Let me start out by saying that Robert Davis, usually referred to as a Highland Park activist, is a man easy to despise. He has won a reputation as a gadfly who is constantly filing lawsuits demanding transparency in government and attacking corruption.

Some see him as a crusading knight in shining armor and others as a relentless self-promoter trying to make a name and have us forget his past.

State Senator Coleman Young II unveiled his plan for Detroit yesterday. He is running for mayor this year, and the odds are that he and incumbent Mike Duggan will be the two top vote-getters in the September primary, and go on to face each other in the general election.

Actually, I had planned on talking to Senator Young Monday so I could tell you more about his campaign, and had scheduled an interview weeks ago.

School desks
Flickr user Frank Juarez/Flickr / http://j.mp/1SPGCl0

The Michigan Court of Claims is not one of the highest-profile judicial bodies in the country, or even our state. It handles civil actions filed against the state and its various departments and agencies.

Sarah Hulett / Michigan Radio

Attorney General Bill Schuette says the Michigan schools superintendent can't withhold state aid from school districts with American Indian mascots or logos. Earlier this year Superintendent Brian Whiston proposed cutting up to 10% of a district's annual payment. This Week in Review, Weekend Edition host Rebecca Kruth and senior news analyst Jack Lessenberry discuss Schuette's opinion on the matter.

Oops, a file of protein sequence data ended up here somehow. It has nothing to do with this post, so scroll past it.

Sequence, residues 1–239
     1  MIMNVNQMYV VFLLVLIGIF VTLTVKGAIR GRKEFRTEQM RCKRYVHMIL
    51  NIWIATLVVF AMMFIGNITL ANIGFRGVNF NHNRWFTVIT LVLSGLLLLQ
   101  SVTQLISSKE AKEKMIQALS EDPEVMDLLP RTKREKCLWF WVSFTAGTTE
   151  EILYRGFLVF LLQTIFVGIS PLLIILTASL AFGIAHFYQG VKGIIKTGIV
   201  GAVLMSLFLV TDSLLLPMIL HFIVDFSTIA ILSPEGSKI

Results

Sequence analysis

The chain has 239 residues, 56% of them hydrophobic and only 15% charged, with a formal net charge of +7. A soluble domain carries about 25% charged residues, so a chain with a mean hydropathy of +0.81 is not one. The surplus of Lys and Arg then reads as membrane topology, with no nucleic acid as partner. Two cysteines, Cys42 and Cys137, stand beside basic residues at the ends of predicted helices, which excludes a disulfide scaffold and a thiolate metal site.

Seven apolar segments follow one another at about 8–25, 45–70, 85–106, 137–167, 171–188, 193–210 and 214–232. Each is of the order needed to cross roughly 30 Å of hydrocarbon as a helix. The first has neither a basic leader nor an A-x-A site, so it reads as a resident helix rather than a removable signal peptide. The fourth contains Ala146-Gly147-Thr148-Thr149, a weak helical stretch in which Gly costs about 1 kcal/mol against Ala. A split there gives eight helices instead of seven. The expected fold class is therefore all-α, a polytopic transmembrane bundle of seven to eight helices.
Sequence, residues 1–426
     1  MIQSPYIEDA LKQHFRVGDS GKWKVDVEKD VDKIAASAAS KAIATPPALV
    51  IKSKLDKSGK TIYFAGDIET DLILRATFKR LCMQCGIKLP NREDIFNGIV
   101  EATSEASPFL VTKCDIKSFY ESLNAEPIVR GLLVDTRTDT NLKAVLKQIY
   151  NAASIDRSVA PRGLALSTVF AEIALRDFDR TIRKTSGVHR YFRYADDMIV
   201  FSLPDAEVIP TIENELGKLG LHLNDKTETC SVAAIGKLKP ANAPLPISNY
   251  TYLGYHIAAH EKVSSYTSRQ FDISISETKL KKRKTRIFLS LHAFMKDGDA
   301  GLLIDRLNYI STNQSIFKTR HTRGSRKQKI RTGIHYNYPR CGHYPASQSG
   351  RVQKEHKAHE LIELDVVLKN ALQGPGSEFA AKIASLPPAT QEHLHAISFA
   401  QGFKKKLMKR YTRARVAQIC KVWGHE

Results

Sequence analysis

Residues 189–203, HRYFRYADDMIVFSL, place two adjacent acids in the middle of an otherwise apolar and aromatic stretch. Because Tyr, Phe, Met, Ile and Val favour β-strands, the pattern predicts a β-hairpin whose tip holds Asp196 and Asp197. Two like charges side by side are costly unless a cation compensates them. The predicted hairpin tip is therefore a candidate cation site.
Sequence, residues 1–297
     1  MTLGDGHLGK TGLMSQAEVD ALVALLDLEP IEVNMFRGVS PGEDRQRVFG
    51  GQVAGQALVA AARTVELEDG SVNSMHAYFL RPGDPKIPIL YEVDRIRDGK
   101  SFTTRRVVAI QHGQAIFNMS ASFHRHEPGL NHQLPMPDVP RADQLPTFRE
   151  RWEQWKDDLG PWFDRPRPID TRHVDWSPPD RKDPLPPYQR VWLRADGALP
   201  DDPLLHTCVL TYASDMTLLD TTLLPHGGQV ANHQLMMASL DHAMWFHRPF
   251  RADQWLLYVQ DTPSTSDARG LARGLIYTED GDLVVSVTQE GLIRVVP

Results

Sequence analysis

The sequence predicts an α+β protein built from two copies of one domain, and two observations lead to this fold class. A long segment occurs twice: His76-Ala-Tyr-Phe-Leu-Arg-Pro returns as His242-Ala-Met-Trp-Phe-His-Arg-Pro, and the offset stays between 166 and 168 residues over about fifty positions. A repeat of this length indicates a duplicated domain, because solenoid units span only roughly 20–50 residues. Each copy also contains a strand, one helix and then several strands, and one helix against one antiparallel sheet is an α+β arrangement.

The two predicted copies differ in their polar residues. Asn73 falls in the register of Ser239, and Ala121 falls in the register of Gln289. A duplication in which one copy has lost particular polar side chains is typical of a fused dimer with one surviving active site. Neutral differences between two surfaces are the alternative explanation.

They also talk about a ruling that temporarily halts state funding to private schools, Michigan Supreme Court Justice Joan Larsen's federal court nomination delay, and whether the an iconic Detroit hat shop is a casualty of rising downtown rents.

Fireworks stand
Sarah Cwiek / Michigan Radio

Lawmakers, we were taught in school, are sometimes torn between doing the right thing – and doing what their constituents want.

John F. Kennedy wrote a Pulitzer-Prize winning book, Profiles in Courage, about that. But these days, it often seems as if those running our government are neither doing what is right nor what we want.

Mackinac Bridge
Mark Brush / Michigan Radio

For the Fourth of July, former Michigan attorney general Frank Kelley invited me to watch fireworks from the porch at the Captain’s Quarters overlooking the harbor on Mackinac Island.

From there, I could see fireworks simultaneously from Cheboygan and Mackinaw City, in addition to those being fired from a barge not far offshore from the island.

Everybody knows that Detroit has made it through bankruptcy, and that a remarkable coalition of people and politicians came together on a “Grand Bargain” to save the city.

But now we need to start thinking about the next hugely important step, one that’s largely been ignored: Finding a way to bring many thousands of forgotten people into the workforce and make them economically and socially productive citizens.

The Parade Company / via theparade.org

Tomorrow is the day we celebrate American independence with fireworks, picnics, and, for most of us, a day off from work. We’ll have picnics, flirt dangerously with firecrackers, see spectacular fireworks displays, and maybe, just maybe, think about the meaning of it all.

Ask the average person why this day matters, and they’ll tell you it was when our Founding Fathers signed the Declaration of Independence. Well, while the document is indeed dated July 4, 1776, they had voted to sign it two days before.

sign that says flint
Steve Carmody / Michigan Radio